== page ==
The Grey Album: Copyright Law and Digital Sampling

Media International Australia Incorporating Culture and Policy, No. 114, pp. 40-53, February 2005

14 Pages Posted: 2 Mar 2005

See all articles by Matthew Rimmer

Matthew Rimmer

Queensland University of Technology (QUT)

Abstract

In the field of digital sampling, disk jockeys have shown a recent enthusiasm for 'mash-ups' - new compositions created by combining the rhythm tracks of one song and the vocal track of another. Most famously of all, DJ Danger Mouse remixed the vocals from Jay-Z's The Black Album and the Beatles' White Album and called his creation The Grey Album. The Grey Album poses a number of difficult issues regarding copyright law and digital sampling. Does such a 'mash-up' go beyond the de minimis use of a copyright work? Is The Grey Album protected by the defence of fair use under copyright law because it provides a transformative use of copyright works? Can such remixes be compulsorily licensed? Does a 'mash-up' raise issues concerning the moral rights of attribution and integrity, which are recognised in Europe and Australia?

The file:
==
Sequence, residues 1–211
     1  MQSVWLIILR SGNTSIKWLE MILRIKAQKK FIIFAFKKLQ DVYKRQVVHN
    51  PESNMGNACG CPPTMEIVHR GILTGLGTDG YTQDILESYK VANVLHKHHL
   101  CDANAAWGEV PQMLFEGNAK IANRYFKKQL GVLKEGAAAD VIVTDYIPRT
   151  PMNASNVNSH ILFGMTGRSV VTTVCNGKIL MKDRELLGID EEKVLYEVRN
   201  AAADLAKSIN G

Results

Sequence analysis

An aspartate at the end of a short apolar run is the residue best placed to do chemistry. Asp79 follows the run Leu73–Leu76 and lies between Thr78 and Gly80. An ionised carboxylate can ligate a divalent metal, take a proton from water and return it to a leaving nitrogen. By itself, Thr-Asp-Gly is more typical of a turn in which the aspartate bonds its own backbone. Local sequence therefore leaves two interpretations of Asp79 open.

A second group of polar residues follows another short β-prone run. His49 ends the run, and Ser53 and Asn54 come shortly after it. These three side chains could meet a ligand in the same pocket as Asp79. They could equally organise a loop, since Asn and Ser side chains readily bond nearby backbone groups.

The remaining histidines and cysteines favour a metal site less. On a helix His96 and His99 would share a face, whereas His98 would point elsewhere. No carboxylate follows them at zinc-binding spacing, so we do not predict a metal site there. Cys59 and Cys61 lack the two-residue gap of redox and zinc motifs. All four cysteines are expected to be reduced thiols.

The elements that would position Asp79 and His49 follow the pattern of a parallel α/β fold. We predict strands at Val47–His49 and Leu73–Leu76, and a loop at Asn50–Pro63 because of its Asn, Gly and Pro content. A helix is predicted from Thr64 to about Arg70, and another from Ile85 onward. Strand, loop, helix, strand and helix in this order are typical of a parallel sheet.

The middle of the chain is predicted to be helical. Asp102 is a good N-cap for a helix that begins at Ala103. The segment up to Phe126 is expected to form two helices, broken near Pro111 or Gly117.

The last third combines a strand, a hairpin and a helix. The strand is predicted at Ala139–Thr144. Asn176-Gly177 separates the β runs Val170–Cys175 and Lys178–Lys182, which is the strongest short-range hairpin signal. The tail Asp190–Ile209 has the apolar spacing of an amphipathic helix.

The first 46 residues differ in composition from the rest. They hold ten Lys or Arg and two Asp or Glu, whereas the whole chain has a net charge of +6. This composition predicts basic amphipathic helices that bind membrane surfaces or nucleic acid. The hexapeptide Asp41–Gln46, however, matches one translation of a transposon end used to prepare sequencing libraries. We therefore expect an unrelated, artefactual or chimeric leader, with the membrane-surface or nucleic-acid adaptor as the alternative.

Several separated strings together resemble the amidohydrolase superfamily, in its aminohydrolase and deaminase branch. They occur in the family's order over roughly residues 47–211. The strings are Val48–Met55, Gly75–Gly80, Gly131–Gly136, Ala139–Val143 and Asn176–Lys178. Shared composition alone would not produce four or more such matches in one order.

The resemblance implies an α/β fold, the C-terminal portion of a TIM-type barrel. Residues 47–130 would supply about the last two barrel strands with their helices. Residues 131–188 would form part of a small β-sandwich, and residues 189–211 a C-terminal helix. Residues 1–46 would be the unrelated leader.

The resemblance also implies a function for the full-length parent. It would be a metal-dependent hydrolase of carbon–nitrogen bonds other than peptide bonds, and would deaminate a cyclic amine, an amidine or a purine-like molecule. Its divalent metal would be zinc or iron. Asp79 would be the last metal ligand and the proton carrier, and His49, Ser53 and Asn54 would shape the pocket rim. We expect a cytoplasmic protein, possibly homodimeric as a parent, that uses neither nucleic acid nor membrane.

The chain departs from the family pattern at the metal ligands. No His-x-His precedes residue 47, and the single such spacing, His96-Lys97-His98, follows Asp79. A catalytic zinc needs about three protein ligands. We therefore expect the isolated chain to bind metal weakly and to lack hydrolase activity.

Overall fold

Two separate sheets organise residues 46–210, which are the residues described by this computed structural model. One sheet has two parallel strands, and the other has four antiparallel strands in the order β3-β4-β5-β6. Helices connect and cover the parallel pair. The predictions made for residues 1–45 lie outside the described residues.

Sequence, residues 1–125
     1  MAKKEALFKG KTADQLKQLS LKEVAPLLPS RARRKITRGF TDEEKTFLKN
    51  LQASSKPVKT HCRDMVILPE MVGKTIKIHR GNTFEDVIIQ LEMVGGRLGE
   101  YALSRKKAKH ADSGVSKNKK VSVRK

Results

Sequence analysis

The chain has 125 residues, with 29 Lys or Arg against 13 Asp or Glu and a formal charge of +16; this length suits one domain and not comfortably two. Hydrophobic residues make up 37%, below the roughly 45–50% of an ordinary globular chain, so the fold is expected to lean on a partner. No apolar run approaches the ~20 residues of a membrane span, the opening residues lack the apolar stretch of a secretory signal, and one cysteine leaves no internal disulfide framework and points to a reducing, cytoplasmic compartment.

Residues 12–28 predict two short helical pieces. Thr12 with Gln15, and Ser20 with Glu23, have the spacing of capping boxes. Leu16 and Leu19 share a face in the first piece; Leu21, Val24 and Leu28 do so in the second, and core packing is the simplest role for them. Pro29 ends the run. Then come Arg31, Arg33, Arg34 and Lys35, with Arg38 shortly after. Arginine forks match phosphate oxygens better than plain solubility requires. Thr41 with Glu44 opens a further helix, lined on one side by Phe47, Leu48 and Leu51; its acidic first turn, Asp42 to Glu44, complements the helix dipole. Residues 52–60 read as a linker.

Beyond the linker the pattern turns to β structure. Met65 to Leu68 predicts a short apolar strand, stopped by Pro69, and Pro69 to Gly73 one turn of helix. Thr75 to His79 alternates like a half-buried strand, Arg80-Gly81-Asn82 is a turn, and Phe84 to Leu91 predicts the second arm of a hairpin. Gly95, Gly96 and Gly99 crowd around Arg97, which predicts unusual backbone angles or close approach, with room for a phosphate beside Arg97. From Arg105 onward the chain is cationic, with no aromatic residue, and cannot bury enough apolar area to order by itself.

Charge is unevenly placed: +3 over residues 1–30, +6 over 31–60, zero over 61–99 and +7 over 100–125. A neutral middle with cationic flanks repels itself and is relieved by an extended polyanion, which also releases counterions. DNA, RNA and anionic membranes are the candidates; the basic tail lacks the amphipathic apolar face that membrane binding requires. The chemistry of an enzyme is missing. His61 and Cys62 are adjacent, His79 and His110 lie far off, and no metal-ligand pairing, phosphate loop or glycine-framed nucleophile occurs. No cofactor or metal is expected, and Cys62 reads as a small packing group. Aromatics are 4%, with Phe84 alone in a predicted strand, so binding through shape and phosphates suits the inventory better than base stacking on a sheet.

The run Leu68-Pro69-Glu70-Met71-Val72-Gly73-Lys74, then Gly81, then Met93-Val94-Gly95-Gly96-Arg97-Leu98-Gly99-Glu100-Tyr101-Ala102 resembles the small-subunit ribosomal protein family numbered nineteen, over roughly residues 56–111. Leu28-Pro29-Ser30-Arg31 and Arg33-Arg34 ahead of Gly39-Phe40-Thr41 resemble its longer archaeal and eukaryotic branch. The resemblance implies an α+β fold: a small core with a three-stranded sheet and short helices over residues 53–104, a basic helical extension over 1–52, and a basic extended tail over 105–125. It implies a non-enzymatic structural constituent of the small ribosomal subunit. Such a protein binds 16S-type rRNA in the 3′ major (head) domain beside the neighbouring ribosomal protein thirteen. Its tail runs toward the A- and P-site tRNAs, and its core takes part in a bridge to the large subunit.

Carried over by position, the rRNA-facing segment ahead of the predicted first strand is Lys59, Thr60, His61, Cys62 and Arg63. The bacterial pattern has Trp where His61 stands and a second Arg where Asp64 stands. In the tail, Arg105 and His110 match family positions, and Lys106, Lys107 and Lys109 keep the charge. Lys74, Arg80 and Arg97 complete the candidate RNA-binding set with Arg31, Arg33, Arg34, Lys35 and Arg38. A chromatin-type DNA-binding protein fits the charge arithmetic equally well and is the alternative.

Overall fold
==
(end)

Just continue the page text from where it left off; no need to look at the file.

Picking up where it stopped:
Keywords: Copyright law, musical works, sound recordings, digital sampling, mash-ups, de minimis use, defence of fair use, creative commons licences, compulsory licensing, moral rights of attribution and integrity, DJ Dangermouse, The Grey Album, Jay-Z, and The Beatles

Suggested Citation

Rimmer, Matthew, The Grey Album: Copyright Law and Digital Sampling. Media International Australia Incorporating Culture and Policy, No. 114, pp. 40-53, February 2005. Available at SSRN: https://ssrn.com/abstract=648323

Matthew Rimmer (Contact Author)

Queensland University of Technology (QUT) ( email )

Level 4, C Block Gardens Point
2 George St
Brisbane, Queensland QLD 4000
Australia

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